The blind knitter of Hermanus by Robin Lee

The blind knitter of Hermanus by Robin Lee

Early in the 1900s two of the three Luyt brothers, Henry and Alewyn, left the Cape to work in t gold mines in the Transvaal.

In 1913, Alewyn (1887-1977) was involved in an explosion underground, and as a result lost his sight completely. After hospitalisation in the Transvaal, he spent two years at the School for the Blind in Worcester in the Cape Province, where he was trained in the use of a small hand-knitting machine, which produced men’s socks.

The eldest of the three Luyt brothers, Pieter Johannes (or P John Luyt, as he preferred to be called) owned the Marine Hotel and later, the Riviera Hotel and was an influential person in Hermanus.

Their mother, Joey, urged P John to find places for his brothers in Hermanus that were less dangerous than the mines. So, P John trained Henry in the basics of hotel management and for many years he managed the Riviera Hotel on behalf of the Luyt family. He later went on to manage two other hotels in Hermanus.

In her memoirs Joey Luyt describes the situation regarding Alewyn in these words:

It was about March 1916 that Alewyn, John’s youngest brother, came to stay with us…He brought a knitting machine with him, and sat for hours each day on the stoep of the cottage [adjacent to the Marine Hotel], his fingers unerringly manipulating the delicate mechanism.

He had an attractive personality – friendly, cheerful, always full of jokes and good humour, and he never complained.

Olive Vera Crews (1899-1948), who had been born in a small town in the Northern Cape, came to Hermanus as governess to the children of the Luyt family. It appears Olive first attracted Alewyn by her piano playing. The Luyt family changed her job and employed her to assist Alewyn in his day-to-day living:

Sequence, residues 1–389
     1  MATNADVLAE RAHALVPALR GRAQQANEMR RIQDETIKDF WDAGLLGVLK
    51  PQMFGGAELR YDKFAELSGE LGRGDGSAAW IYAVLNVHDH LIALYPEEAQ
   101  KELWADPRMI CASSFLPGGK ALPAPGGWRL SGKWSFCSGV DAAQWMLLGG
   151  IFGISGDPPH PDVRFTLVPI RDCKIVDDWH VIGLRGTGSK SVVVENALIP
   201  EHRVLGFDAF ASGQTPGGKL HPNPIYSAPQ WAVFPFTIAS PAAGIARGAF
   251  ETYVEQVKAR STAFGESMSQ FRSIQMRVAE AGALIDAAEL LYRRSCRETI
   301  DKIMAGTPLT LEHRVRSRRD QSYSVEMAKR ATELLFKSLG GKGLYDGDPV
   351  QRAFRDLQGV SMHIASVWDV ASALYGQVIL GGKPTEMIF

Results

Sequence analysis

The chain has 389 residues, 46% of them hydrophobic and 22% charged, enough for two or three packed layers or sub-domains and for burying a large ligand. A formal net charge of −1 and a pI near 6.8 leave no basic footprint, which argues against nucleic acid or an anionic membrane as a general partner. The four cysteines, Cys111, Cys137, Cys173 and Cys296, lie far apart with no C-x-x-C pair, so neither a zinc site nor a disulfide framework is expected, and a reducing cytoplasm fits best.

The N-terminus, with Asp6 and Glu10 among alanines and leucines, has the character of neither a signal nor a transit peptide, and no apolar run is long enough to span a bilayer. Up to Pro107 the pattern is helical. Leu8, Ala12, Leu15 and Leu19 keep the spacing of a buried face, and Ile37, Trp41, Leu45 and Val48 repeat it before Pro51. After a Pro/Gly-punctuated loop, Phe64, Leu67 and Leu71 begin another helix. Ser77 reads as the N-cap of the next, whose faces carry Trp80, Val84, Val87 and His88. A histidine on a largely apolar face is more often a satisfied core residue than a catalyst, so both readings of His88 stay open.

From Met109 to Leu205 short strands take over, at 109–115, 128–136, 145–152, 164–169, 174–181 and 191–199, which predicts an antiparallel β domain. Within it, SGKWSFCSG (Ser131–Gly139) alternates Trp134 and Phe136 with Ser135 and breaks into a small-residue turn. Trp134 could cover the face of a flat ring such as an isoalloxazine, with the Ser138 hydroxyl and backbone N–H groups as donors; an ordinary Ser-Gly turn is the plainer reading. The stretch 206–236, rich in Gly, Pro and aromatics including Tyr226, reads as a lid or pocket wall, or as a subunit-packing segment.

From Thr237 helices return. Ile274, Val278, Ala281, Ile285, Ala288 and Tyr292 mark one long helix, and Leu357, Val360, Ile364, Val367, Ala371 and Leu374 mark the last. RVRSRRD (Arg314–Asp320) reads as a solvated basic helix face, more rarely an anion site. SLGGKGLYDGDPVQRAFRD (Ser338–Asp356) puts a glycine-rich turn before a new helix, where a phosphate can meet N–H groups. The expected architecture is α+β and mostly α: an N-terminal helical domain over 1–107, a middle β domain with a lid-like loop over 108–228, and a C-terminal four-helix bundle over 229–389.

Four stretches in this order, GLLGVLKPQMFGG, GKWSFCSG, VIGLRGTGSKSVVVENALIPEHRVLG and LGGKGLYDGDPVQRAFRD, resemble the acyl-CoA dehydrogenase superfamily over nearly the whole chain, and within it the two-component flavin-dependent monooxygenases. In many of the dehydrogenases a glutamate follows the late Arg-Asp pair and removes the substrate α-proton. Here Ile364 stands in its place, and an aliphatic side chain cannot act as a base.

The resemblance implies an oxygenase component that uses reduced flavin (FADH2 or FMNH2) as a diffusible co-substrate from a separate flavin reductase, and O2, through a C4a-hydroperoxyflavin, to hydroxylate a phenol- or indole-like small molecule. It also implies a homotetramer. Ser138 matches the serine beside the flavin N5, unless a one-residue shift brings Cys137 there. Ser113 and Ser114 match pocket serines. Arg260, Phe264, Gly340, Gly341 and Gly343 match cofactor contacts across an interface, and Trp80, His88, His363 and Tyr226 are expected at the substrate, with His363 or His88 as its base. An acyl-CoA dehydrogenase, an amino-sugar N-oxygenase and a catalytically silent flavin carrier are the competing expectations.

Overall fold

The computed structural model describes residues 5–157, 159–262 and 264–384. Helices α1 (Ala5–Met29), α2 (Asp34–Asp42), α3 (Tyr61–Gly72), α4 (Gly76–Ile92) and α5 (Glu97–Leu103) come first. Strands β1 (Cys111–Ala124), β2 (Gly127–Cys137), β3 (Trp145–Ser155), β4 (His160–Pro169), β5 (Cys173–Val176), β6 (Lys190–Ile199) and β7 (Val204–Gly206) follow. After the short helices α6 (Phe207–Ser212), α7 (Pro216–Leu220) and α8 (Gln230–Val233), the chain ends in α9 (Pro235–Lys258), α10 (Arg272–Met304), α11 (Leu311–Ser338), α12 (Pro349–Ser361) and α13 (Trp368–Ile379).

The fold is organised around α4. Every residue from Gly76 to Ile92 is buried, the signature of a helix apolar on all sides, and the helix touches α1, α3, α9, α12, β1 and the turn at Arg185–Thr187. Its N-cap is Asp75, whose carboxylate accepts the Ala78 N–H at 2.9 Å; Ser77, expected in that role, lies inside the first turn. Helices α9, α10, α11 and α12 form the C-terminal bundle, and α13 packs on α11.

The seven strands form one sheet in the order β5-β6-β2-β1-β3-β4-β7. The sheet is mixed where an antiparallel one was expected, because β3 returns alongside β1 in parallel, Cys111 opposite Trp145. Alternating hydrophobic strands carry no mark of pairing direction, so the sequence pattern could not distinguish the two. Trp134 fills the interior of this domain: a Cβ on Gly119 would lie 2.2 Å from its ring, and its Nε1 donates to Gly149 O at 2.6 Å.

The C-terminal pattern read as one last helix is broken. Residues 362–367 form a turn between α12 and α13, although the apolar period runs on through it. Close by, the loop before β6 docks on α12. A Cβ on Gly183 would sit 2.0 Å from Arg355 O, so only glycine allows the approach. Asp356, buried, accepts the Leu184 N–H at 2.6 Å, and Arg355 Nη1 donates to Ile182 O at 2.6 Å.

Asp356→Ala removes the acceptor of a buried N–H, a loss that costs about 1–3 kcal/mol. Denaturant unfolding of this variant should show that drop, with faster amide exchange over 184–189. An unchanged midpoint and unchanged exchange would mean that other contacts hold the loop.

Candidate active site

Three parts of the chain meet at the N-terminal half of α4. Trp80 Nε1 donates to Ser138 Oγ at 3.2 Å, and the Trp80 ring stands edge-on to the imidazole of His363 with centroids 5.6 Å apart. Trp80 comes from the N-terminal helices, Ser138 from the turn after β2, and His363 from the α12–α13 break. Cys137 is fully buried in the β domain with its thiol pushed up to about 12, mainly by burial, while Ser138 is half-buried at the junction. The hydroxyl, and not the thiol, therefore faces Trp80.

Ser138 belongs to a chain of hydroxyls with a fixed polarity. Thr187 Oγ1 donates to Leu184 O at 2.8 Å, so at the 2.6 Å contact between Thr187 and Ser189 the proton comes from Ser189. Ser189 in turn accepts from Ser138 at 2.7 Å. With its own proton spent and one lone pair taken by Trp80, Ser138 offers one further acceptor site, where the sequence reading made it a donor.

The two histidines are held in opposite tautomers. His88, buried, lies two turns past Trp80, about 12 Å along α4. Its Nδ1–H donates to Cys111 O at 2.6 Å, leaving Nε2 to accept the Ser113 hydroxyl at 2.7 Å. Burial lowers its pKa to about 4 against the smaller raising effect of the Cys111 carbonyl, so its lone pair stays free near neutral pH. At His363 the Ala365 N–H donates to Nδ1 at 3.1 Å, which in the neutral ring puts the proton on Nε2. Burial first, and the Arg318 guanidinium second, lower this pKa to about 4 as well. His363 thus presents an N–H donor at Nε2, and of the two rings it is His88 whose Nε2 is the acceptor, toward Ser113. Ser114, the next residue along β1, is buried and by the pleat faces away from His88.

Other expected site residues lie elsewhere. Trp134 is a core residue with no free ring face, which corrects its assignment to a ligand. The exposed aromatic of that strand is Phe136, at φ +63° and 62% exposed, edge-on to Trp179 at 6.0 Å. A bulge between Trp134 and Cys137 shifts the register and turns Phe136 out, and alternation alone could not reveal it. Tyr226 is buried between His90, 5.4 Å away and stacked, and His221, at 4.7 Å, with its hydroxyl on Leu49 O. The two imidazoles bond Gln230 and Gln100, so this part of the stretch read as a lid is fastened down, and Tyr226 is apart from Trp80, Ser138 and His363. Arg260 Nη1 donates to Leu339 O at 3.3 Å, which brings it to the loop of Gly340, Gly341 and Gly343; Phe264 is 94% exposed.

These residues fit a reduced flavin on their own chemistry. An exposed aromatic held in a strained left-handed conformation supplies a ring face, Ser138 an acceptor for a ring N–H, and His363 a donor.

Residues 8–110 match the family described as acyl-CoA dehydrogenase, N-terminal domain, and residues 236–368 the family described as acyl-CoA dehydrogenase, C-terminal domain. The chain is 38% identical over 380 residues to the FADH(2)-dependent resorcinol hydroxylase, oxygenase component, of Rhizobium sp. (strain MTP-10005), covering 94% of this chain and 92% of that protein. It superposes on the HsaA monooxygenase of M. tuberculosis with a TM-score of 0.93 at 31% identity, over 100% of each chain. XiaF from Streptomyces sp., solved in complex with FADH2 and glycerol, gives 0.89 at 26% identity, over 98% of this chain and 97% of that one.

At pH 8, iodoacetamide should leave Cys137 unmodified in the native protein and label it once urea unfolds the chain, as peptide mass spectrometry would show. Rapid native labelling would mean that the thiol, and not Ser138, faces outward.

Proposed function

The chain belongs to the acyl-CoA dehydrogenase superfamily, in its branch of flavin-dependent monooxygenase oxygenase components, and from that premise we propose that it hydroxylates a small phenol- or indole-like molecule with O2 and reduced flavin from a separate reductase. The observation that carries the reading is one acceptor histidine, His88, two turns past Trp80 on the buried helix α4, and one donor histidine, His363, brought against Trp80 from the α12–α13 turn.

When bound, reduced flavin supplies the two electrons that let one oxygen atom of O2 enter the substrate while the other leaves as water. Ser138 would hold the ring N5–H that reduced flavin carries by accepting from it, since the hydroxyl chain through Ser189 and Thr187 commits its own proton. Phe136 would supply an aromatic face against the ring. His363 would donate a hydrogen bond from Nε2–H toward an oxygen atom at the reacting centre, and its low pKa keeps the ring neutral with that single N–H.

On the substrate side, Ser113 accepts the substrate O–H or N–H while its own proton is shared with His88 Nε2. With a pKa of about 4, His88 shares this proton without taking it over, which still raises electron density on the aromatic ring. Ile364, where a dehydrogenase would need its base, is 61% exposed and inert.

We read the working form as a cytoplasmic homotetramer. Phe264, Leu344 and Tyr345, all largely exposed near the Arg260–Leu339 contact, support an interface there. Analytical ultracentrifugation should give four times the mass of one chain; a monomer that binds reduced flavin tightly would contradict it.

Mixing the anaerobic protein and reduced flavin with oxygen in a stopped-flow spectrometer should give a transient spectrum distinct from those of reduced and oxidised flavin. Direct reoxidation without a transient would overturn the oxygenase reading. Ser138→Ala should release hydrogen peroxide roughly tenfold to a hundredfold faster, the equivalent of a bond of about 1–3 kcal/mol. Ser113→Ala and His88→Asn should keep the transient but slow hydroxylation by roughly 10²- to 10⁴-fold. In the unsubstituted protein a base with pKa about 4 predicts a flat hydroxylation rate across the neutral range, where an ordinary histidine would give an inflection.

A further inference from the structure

Alewyn and Olive Crews were thrown together a good deal, and in a short time were in love. Olive had a very sympathetic and generous nature; she was courageous too to consider marrying a blind man with very little means of support.

The couple were married in 1916 and had two children, Edith (1917-1998) and Arthur (1924-2013; see box).

Alewyn’s business expanded. It outgrew the cottage in which he and Olive first lived, and a house was built on the other side of Main Road, opposite the hotel, to accommodate the family and the business. (The house still exists at no 185 Main Road, immediately adjacent to the small commercial centre, which houses a restaurant and a travel agent. At present the property belongs once again to the Marine Hotel and there are several structures on it. I will investigate these in due course.)

Alewyn and Olive added a large room to their house, connected to the family dwelling by a single door and used exclusively for the business.

The business traded as Luyt’s Knitting Industry, and at its most active employed up to 10 full-time female workers. Alewyn actually imported industrial knitting machines from the UK, such was the scale of the business. Sales were made to local customers and to visitors during holidays.

There was also a profitable mail-order business, sending products all over Southern Africa and to several other countries.

Luyt’s Knitting Industry was especially busy during World War II when demand from the military went up sharply. Thousands of allied soldiers would have worn gloves made by the “blind knitter of Hermanus”, as Alewyn Luyt was often called.

Everyone who has referred to Alewyn Luyt comments on his capacity to keep a cheerful attitude to life, despite the cruel accident he had endured. He seemed to have always been positive, and to enter into the spirit of things.

Olive died at an early age, in 1948, but Alwyn carried on the business. In the late 1960s, Alewyn closed his business and left Hermanus to live with his daughter Edith’s family in Pinelands.

He died in 1977 at the age of 90, having been blind for 64 years. His great-grandson Robert Halkett recalls him as very active even at an advanced age, walking for 15 minutes each way to the local shops and listening to many radio programmes.